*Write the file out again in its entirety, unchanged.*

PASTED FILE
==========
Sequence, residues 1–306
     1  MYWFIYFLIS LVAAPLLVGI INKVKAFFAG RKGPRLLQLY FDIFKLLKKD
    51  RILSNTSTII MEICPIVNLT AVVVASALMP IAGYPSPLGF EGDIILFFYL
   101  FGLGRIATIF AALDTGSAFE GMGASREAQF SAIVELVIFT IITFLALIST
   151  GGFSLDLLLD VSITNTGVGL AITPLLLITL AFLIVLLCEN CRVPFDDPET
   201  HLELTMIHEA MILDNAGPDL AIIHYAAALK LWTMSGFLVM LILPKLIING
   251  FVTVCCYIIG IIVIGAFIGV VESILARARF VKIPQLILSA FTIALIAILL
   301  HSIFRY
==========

Sequence, residues 1–306
     1  MYWFIYFLIS LVAAPLLVGI INKVKAFFAG RKGPRLLQLY FDIFKLLKKD
    51  RILSNTSTII MEICPIVNLT AVVVASALMP IAGYPSPLGF EGDIILFFYL
   101  FGLGRIATIF AALDTGSAFE GMGASREAQF SAIVELVIFT IITFLALIST
   151  GGFSLDLLLD VSITNTGVGL AITPLLLITL AFLIVLLCEN CRVPFDDPET
   201  HLELTMIHEA MILDNAGPDL AIIHYAAALK LWTMSGFLVM LILPKLIING
   251  FVTVCCYIIG IIVIGAFIGV VESILARARF VKIPQLILSA FTIALIAILL
   301  HSIFRY